By default, an ext3 filesystem will reserve 5% of its capacity for special processes that can continue to run when diskspace is running low. Here's the explanation according to the manual.
Specify the percentage of the filesystem blocks reserved for the super-user. This avoids fragmentation, and allows root-owned daemons, such as syslogd(8), to continue to function correctly after non-privi-leged processes are prevented from writing to the filesystem. The default percentage is 5%.
On large partitions (say 8TB+), losing 5% for only those processes is quite a lot. You can check your current value with tune2fs.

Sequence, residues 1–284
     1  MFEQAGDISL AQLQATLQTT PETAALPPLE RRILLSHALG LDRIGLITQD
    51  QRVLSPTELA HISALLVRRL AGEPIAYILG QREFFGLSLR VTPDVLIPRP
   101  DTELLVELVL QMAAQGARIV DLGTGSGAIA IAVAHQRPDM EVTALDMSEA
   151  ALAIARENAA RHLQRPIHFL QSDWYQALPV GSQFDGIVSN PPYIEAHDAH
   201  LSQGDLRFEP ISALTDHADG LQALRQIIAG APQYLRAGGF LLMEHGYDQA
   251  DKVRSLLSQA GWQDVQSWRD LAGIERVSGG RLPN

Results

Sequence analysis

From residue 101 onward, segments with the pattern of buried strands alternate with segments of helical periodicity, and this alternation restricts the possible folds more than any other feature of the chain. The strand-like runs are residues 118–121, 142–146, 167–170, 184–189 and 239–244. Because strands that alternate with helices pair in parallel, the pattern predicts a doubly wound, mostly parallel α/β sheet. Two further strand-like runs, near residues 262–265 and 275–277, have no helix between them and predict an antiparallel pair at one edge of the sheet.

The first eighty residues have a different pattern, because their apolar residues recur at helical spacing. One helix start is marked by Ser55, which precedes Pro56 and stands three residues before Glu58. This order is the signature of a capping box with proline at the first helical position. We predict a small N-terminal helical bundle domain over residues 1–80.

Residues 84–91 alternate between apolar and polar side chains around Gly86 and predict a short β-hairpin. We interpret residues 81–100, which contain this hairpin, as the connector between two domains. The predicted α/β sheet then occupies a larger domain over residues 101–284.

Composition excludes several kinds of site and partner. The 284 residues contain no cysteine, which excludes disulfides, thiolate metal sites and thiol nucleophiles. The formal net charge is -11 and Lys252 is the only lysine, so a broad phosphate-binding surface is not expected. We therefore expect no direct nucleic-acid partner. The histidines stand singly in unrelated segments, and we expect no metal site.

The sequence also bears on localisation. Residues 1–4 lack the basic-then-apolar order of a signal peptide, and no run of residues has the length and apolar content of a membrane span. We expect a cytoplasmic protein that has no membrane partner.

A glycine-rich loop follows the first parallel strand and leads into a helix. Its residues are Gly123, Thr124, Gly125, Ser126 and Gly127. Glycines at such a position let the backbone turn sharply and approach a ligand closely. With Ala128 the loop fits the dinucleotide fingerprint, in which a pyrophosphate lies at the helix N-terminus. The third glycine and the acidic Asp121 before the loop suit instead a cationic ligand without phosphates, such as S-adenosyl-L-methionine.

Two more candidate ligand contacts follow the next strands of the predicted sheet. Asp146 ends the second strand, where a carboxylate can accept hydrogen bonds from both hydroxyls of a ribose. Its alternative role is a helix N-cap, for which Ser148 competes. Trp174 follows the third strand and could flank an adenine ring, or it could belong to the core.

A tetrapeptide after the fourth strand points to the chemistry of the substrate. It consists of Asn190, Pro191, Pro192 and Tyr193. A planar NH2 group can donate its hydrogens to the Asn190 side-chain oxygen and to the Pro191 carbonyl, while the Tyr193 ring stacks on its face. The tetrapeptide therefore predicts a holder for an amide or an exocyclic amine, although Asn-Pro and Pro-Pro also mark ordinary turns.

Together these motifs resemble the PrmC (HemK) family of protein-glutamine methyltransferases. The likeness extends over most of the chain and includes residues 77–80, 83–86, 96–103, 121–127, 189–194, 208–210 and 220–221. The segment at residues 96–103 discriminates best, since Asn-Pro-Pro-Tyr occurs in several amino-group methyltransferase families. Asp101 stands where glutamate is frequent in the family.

# tune2fs -l /dev/partition | grep 'Reserved' Reserved block count: 120542571
In thise case, it means we've 'lost' the ability to use 120542571 blocks on the partition.
You can lower the 5% barrier if you like, but I only suggest doing this for larger partitions. Since the default is 5%, I'll lower it to 2% here.
# tune2fs -m2 /dev/partition tune2fs 1.39 (29-May-2006) Setting reserved blocks percentage to 2% (48223887 blocks)
With the '-m' parameter you can specify a percentage amount of blocks to reserve for that purpose.